Turning to food when things are tough has been a default behavior for me in the past. Following a diet that only allowed eating a meal times, and my desire to be a rule follower, resulted in me breaking that physical habit even if the mental tendency is still there.
Ali Shapiro, came up with a super helpful acronym that I use daily to identify my emotional eating triggers: TAIL.
T – Tired
A – Anxious
I – Inadequate
L – Lonely
As I go through my day and have urges to eat, I check in using that acronym. If I’m not physically hungry, I am guaranteed to be dealing with at least one of those emotions. This tool has been a game changer for me.
Episode 8 of my podcast is with Ali and I highly recommend checking it out.
Fundametally, our body needs the fuel our food provides to function. Some fuel is more easily accessed than others. Glucose, which comes from sugar as I understand it, is often most easily utilized.
When I wasn’t eating a balanced diet, my body was going into starvation mode even though I was eating more calories than it would need if it were as simple as calories in and calories out.
When the body is starving, it is going to want a fuel source that is easy and quick. Sugar solves that problem.
This is another place where I think the constant cravings came from. My body wasn’t getting what it needed so it always wanted something it could use quickly.
Following the diet I did, somewhat ironically, reassured my body that I was going to be getting a variety of nutrients and no longer starving. Yet another reason why my body could quiet the “I need sugar” chatter.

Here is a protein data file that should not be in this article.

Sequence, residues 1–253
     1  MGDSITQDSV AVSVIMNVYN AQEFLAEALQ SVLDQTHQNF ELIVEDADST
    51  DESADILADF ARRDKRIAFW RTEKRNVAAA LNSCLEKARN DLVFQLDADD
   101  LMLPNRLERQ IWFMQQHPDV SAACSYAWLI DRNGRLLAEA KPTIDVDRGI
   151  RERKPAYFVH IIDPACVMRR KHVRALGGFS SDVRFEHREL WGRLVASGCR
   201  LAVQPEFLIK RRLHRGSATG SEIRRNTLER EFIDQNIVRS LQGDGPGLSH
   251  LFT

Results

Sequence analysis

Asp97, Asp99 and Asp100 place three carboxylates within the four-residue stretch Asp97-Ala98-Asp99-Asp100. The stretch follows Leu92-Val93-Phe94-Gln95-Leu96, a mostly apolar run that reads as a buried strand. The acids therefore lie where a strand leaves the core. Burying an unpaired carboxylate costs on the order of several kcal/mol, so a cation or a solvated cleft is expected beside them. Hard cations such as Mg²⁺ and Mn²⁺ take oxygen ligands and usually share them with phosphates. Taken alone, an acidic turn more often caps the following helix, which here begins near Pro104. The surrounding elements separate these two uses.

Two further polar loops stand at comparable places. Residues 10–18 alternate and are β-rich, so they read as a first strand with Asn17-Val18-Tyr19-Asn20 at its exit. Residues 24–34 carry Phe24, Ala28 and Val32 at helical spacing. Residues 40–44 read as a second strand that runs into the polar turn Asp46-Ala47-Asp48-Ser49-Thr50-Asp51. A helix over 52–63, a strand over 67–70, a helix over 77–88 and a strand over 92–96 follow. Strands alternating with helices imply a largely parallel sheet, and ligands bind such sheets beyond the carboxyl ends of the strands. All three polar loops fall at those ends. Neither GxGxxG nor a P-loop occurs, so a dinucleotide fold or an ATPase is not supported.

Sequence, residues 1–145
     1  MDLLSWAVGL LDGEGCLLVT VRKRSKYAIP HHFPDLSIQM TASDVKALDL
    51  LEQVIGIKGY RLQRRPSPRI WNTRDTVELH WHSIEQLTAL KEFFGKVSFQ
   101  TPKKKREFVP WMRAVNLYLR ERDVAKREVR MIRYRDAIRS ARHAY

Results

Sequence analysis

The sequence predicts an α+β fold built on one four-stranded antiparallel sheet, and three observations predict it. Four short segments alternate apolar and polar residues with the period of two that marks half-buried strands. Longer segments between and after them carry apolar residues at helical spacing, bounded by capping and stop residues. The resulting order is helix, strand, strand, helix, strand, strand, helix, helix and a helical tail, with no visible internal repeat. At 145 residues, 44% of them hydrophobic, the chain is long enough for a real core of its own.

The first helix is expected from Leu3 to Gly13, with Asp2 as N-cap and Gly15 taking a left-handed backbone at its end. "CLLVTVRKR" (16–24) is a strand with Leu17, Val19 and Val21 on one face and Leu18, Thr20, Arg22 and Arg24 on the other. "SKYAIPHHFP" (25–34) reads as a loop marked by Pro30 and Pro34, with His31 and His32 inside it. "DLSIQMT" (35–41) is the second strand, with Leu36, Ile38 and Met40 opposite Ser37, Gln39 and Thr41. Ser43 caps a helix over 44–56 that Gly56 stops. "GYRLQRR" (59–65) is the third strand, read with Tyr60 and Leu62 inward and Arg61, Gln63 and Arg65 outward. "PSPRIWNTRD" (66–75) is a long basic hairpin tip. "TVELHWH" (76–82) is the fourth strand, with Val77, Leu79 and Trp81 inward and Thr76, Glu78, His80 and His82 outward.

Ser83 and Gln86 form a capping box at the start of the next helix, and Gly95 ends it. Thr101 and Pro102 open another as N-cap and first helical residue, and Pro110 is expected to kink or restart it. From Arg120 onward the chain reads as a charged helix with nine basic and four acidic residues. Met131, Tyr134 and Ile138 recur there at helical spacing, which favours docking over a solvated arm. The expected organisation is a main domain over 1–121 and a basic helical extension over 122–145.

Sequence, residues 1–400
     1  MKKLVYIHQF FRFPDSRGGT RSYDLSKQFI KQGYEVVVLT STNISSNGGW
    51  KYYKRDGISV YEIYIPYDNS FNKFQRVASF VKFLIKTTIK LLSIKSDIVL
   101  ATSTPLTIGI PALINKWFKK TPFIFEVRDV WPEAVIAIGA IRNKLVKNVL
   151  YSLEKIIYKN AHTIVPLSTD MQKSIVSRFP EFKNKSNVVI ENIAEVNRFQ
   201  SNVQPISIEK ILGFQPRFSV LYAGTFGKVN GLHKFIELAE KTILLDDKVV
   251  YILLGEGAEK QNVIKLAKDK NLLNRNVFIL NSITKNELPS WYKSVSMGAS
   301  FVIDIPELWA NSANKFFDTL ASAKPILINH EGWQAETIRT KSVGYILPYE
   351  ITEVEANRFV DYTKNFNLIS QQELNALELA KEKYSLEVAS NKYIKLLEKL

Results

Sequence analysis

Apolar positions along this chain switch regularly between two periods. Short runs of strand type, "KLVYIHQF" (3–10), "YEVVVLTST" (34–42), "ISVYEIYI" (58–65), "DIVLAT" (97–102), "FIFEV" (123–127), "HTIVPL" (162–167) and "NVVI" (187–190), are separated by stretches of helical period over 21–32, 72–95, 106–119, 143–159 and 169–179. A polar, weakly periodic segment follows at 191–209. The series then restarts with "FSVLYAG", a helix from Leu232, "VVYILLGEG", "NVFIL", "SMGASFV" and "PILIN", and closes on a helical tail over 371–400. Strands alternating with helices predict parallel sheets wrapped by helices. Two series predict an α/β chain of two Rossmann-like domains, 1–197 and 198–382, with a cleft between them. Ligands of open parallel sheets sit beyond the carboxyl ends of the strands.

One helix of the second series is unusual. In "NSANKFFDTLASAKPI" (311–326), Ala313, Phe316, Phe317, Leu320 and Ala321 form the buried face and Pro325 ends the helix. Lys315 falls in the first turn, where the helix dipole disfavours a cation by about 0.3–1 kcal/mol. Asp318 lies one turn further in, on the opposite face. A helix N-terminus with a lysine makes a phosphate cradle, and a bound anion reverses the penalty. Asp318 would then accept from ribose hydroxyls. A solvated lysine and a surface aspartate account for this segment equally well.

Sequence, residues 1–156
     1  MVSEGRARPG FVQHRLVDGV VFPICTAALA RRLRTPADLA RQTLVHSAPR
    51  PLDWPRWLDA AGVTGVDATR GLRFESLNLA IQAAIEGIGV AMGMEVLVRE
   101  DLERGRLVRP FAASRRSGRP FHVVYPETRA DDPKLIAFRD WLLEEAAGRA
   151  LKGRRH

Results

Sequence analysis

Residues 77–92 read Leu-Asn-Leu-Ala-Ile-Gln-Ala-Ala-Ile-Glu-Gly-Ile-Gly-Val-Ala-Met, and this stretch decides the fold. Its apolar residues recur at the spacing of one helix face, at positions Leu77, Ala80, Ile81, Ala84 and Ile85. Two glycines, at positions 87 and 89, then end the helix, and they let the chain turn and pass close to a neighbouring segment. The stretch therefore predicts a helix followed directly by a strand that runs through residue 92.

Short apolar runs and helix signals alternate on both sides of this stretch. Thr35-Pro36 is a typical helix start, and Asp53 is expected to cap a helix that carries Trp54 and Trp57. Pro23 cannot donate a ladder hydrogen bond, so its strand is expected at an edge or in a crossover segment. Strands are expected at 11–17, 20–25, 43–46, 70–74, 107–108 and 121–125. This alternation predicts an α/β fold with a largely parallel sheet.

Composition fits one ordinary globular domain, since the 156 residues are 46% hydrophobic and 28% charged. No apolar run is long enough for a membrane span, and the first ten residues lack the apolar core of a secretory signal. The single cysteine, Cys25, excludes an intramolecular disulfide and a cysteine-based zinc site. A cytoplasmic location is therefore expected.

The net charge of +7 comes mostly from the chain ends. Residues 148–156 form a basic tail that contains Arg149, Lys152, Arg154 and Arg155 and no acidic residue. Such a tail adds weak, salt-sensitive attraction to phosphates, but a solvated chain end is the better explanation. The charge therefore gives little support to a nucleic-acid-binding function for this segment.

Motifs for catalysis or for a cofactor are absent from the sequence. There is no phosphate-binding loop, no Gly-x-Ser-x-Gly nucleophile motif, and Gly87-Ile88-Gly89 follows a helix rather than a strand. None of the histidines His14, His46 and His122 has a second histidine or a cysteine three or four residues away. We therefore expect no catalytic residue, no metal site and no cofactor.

Physical Concerns and Mindset Concerns
Rather than a sugar addiction, the real issues were hormone imbalances and malnutrition (physical concerns) and emotional triggers (mindset concerns).
Cutting sugar out of my life helped me address the physical concerns but the mindset work is an ongoing battle. That is where the REAL work of intuitive eating comes into play. If I’m not addressing my thinking about food then it would be way to easy to fall back into the diet trap that led me to feel addicted and out of control in the first place.
So What About the Rats?
There are studies that have documented experiments performed on rats. Some have concluded that the rats were more addicted to sugar than they were to cocaine.
Here are my fundamental problems with those findings based upon the limited research I’ve done on them.
First, as I understand it, the rats were restricted access to the sugar for only a couple hours per day. Anyone who has ever dieted knows that restricting something is a sure way to make ourselves want something more. If the sugar were always available, perhaps it wouldn’t be such a big deal.
Second, sugar is glucose and glucose is fuel for our bodies. As long as our bodies need food to survive, putting a food source up against a non-food source seems like an unreliable test.
There are definitely people whose bodies are more sensitive to the impacts of sugar. There are also certainly people who will feel better when they don’t have any sugar. That is NOT the same thing as being a sugar addict.
If we grew up in a world where meals were nutritionally balanced and sugar was just an occassional part of a joyful life in which folks fix the root causes of problems rather than trying to “feed them”, I think there would be a lot less people calling themselves sugar addicts.
Want to be a part of the conversation? Check out the Intuitively Intermittent Facebook Group. You are welcome even if you don’t fast. All of us are intermittent eaters, after all.